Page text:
127gbvhd

This limit increase only applies for your own VMs. VMs used for cloud service roles such as web/worker roles still have the 127 GB limit in OS disk as these are Microsoft managed instances.

If you are planning your DR environment or production hybrid cloud with Azure VMs you no longer need to worry about the OS disk size issue as this update has already addressed that. (But it’s still 1 TB so try not to pass that limit on OS drive)

Microsoft Azure Virtual Machine Optimization Assessment Tool

Have you ever wondered to find a better way to contact a doctor for you Azure IaaS setup? If you are not already aware Microsoft Azure Virtual Machine Optimization Assessment Tool is a great tool that take care of what Azure PFEs would do for you. This tool focuses on 6 key areas on Azure VMs running AD, SQL or SharePoint.

  1. Security and compliance
  2. Availability and business continuity
  3. Performance and scalability
  4. Upgrade, migration and deployment
  5. Operations and monitoring
  6. Change and configuration management

This tool will present a short short questionnaire, and then generate automated data analysis for your target VMs and produce custom reports on collected data with further recommendations.

What is required?

  • Operating system should be anyone out of Windows Vista, Windows 7, Windows 8, Windows 8.1, or Windows Server 2008, Windows Server 2008 R2, Windows Server 2012, Windows Server 2012 R2 for the machine that is running the tool
  • Hardware Specification Minimum: 4GB RAM, 2 GHz dual-core processor, 5 GB of free disk space.
  • The server or the PC which hosts the tool should be joined to one of a domain of the AD forest in which the target VMs are part of. 2. Additional software requirements.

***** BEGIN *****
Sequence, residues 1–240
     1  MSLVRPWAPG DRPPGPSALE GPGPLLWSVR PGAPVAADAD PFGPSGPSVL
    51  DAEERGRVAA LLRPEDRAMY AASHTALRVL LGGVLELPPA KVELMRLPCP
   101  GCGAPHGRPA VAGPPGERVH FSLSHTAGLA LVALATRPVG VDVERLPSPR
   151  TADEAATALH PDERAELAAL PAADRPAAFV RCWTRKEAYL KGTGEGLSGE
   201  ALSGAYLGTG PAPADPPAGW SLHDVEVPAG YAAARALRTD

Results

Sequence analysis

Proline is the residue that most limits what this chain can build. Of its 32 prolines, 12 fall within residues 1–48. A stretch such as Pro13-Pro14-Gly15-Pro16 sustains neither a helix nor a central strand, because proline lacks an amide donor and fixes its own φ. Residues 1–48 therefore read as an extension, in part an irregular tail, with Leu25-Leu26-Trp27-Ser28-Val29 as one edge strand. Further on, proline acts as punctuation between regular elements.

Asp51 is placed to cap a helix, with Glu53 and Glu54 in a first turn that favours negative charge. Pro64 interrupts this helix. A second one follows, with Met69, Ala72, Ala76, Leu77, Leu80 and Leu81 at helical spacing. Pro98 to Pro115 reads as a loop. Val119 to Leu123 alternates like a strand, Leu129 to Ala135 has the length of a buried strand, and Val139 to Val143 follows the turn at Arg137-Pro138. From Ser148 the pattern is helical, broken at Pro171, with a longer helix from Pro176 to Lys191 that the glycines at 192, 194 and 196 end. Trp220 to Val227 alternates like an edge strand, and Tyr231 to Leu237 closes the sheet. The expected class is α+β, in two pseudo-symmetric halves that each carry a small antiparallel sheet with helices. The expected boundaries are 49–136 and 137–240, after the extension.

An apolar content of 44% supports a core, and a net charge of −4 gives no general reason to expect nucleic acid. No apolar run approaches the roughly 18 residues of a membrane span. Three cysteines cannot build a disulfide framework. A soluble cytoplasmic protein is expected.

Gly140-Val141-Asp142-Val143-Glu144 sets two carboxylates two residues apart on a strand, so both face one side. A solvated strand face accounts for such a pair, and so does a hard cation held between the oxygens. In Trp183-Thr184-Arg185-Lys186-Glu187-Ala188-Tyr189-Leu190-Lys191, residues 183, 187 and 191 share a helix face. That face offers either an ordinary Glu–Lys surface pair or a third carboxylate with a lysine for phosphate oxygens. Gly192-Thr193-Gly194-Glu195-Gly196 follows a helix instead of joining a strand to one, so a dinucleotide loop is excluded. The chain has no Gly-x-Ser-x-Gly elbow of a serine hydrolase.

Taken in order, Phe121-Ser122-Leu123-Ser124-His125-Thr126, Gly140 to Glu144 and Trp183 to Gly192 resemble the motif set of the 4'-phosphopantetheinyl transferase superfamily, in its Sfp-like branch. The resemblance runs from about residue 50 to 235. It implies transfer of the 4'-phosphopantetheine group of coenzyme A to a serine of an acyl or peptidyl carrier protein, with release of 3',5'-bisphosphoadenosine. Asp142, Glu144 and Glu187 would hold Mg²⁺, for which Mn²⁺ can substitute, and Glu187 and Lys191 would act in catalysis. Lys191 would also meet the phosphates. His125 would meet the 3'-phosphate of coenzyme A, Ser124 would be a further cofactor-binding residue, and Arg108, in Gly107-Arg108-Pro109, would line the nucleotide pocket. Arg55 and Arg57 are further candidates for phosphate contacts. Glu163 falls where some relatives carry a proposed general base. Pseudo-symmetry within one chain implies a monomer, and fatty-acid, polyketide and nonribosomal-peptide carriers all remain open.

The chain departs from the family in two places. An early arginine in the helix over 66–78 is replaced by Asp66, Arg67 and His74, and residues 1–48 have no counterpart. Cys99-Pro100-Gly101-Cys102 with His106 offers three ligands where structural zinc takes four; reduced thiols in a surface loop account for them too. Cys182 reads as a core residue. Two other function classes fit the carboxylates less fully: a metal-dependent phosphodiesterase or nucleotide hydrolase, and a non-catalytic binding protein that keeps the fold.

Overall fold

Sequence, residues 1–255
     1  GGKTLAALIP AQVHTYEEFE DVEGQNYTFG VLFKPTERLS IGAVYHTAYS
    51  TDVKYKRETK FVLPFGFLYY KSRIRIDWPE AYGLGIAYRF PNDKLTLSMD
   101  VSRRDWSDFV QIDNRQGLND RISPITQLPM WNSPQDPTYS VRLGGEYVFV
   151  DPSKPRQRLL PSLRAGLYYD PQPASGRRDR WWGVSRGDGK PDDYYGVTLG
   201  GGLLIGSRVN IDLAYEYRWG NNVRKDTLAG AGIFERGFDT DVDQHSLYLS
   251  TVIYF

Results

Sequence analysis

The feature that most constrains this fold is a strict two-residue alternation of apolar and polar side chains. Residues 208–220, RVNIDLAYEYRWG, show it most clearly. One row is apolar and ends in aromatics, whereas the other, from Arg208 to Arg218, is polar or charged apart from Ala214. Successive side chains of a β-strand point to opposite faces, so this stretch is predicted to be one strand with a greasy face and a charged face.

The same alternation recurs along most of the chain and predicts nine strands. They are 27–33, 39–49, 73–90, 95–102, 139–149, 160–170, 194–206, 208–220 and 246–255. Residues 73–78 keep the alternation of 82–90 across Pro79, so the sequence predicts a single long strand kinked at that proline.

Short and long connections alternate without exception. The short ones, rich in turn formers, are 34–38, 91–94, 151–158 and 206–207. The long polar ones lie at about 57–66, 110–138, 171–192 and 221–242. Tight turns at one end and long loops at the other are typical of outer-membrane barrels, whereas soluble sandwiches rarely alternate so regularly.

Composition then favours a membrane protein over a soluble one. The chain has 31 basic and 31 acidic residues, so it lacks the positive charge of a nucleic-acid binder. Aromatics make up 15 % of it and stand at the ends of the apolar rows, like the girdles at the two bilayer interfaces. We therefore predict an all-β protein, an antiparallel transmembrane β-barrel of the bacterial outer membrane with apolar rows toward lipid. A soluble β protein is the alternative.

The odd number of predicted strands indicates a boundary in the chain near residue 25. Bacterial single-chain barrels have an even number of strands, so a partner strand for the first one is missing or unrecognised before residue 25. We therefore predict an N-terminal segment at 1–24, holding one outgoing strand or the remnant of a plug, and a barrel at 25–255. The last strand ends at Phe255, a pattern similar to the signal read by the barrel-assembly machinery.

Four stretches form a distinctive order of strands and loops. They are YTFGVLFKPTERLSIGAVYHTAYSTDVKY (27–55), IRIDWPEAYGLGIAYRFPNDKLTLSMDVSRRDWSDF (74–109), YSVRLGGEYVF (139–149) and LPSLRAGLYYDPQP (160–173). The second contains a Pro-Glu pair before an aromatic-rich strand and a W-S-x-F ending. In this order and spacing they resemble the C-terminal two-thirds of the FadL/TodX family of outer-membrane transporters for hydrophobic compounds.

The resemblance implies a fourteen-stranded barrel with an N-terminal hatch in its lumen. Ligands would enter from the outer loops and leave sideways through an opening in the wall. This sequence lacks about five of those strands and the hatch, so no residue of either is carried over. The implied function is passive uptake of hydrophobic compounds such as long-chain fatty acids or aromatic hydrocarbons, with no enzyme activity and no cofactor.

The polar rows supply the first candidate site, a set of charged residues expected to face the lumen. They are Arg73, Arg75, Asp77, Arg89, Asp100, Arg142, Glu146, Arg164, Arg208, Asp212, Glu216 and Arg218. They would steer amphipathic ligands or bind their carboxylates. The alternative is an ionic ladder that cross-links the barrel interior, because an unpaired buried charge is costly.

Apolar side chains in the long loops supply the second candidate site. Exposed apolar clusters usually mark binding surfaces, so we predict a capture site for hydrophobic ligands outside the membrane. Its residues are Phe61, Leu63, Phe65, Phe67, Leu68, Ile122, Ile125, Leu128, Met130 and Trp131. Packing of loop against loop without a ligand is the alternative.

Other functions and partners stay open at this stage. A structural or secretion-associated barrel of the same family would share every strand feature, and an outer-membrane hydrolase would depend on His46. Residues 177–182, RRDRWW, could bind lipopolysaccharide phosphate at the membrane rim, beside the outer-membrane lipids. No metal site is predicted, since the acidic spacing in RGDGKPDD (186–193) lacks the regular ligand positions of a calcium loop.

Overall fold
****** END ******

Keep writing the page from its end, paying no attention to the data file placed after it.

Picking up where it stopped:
• Microsoft .NET Framework 4.0
  • Windows PowerShell 2.0 or later

To download and check out this tool visit here.

Features missing in Azure AD Premium Trial

I have come across a strange issue with Azure AD recently. When I requested a Azure Active Directory Premium Trial and assigned licenses for the users, some of the features were missing in the Configure tab of my directory.

What was missing?

  • Customized Branding Page
  • Self Service Password Reset
  • Notifications

Scenario

I have two directories in my tenant. I have requested the AAD Premium Trial through my Office 365 directory.

AAD Premium Missing Features

What went wrong?

If you request AAD premium through any other directory than your default directory, the Azure tenant administrator (Microsoft Account) would not have a license assigned by default. When you add another directory this account by default becomes an administrator of that new directory.

In order to enable the features you need to have a license for that account if you have logged into Azure using same.

Solution

  • You can manually assign a license to the global administrator to resolve this issue.
  • Make sure you request your trial through the default subscription. If you need you can change this to the directory you want.

Looks like a simple issue but it can cost a day’s worth for troubleshooting.